The distress of being a refugee and the fact that most pine for their country and their language seem rarely appreciated here. I heard and still hear “They should be grateful to be here.  If they are here they should follow our practices and use our language”.  They are dispossessed people!  I sincerely hope that the children of refugees can maintain some of their cultural heritage!  Many come from areas that are regarded as the cradles of our civilization. 

After the Vietnam war we were pushed by other nations into accepting some of the refugees. We had a duty to take many as we were part of that war. Some of the stories were horrific and I still remember a little five year old child who had been bayoneted several times in the stomach and who came to the school where I then worked very frightened of strangers.  But at least we accepted a few people of a different colour and found the sky did not fall in!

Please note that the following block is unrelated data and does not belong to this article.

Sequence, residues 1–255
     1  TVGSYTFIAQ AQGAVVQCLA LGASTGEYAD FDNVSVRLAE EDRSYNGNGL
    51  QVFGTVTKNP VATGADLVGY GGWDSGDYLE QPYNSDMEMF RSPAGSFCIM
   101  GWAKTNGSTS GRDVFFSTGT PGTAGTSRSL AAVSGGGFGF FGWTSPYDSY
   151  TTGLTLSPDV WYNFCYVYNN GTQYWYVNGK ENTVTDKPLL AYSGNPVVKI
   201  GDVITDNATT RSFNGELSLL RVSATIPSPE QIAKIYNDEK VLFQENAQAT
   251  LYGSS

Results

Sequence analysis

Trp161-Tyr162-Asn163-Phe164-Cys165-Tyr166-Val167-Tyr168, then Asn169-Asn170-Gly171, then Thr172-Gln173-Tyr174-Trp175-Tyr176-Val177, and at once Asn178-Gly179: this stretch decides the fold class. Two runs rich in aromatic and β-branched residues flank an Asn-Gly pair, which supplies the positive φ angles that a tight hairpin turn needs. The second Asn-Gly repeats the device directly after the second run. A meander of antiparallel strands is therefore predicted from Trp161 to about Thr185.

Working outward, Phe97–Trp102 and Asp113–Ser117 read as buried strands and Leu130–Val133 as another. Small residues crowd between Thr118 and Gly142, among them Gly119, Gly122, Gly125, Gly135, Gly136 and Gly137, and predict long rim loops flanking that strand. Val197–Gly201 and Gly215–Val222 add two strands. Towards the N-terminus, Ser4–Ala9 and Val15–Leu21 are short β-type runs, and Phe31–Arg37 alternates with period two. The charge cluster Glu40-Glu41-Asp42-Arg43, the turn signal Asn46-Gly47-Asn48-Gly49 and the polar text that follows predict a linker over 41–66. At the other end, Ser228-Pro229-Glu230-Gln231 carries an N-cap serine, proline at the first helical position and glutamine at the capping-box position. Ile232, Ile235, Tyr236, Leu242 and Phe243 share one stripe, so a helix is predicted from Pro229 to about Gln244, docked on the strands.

That aspect of Australian life has improved somewhat in that the racial mix now is better. 

The particular resentment towards the “boat people” is hard to understand as compared with those who come in by other means.  Perhaps it is because they are visible.  Most people, I would think, should realize that our beloved country is usually a destination of last resort!  So many hundreds PER MONTH pour into closer places such as Italy that they have had to ask for financial help from the EC.  For at least 10 years Belgium, which is home to a large number of Muslim refugees from North Africa, has been struggling with the concept of how to deal with the recognition of the children of polygamous marriages.  When I last heard they recognised the children and allowed them into the country (as that was a clear human rights issue) but could not recognise other than the first wife, as polygamy is illegal in Belgium.  This means that some children, if they were to come, would be separated from their mothers and that, many Belgians felt, was also a breach of children’s human rights.  At least these countries, whether we agree or disagree with decisions, are squarely facing the issues and the fact they have a humanitarian role to play.